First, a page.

Poetry created using traditional standards of ancient Greek and Roman literature falls into the realm of
classicism or neoclassicism.
Classicism can refer to art produced either in antiquity or later.
Neoclassicism always refers to art created later but inspired by the artistic standards of ancient times.
In England, classicism reached its peak in the works of poets like John Dryden and Alexander Pope. In
the following poem, you can see the most important ideas of rigid structure, formal accuracy, simplicity,
restraint, and order represented. Each line has ten syllables written in a very strict rhythmic pattern. The
rhyme scheme is consistent—every two lines rhyme. This poem is an elegy—a poem written as a memorial
after someone has died—which is among the oldest purposes of poetry. It is a poem of praise for a man whom
Dryden obviously valued. He also chooses to include natural images reminiscent of antiquity, specifically ivy
and laurels. Dryden also mentions Nisus, a figure in Greek mythology. This poem is an excellent example of
neoclassicist poetry in its use of all the most essentially proper methods of producing art.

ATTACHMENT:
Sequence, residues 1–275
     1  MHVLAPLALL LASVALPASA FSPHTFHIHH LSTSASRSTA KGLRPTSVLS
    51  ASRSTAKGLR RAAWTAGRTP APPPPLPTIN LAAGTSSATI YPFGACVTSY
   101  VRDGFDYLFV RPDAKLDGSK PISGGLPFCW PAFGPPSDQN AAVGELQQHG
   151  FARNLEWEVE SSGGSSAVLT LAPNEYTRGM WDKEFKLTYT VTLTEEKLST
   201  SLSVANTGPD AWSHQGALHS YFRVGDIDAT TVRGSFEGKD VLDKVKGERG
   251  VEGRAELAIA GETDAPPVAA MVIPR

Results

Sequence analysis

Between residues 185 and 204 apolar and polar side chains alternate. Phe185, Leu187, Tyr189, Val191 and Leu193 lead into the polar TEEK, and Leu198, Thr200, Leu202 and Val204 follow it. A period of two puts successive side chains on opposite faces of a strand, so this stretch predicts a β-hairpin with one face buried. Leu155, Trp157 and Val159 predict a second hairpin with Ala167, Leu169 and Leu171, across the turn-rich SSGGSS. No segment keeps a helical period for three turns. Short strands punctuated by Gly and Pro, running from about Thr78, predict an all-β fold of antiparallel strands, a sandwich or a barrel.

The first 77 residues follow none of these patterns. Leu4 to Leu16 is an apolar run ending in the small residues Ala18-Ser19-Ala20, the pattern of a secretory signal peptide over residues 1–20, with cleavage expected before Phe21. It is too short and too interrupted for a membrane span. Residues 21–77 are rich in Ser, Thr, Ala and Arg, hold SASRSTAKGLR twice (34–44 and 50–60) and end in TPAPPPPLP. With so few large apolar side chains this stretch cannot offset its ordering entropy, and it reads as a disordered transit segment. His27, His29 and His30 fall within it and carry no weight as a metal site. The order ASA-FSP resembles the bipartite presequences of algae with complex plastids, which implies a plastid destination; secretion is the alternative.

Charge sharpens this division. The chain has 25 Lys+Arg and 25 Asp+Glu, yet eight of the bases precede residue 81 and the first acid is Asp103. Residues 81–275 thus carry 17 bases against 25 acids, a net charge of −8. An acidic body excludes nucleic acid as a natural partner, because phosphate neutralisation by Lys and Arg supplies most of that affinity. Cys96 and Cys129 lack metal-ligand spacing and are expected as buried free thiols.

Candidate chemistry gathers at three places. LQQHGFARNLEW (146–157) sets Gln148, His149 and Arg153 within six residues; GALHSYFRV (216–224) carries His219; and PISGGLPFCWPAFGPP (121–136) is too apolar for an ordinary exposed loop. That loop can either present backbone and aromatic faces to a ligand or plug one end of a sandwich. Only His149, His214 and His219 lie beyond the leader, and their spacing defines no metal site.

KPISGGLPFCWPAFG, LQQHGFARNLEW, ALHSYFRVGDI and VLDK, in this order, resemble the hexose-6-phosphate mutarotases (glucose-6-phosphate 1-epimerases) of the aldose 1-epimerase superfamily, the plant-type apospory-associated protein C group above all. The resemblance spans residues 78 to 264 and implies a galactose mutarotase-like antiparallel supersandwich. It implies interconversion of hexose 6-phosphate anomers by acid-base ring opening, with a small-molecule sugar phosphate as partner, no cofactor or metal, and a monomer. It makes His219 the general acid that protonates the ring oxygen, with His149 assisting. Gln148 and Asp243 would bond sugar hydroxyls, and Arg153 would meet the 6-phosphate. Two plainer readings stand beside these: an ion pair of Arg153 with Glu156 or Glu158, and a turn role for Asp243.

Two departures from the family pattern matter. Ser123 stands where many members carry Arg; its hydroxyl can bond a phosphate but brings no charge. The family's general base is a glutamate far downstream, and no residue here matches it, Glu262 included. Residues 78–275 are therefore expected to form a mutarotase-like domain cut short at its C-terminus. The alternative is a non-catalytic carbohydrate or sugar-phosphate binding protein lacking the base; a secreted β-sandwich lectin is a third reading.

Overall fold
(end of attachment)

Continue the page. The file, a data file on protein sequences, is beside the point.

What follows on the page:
To the Memory of Mr. Oldham
Farewell, too little, and too lately known,
Whom I began to think and call my own:
For sure our souls were near allied, and thine
Cast in the same poetic mold with mine.
One common note on either lyre did strike,
And knaves and fools we both abhorr’d alike.
To the same goal did both our studies drive;
The last set out the soonest did arrive.
Thus Nisus fell upon the slippery place,
While his young friend perform’d and won the race.
O early ripe! to thy abundant store
What could advancing age have added more?
It might (what nature never gives the young)
Have taught the numbers of thy native tongue.
But satire needs not those, and wit will shine
Thro’ the harsh cadence of a rugged line:
A noble error, and but seldom made,
When poets are by too much force betray’d.
Thy generous fruits, tho’ gather’d ere their prime,
Still shew’d a quickness; and maturing time
But mellows what we write to the dull sweets of rhyme.
Once more, hail and farewell; farewell, thou young,
But ah too short, Marcellus of our tongue;
Thy brows with ivy, and with laurels bound;
But fate and gloomy night encompass thee around.
— John Dryden (1684)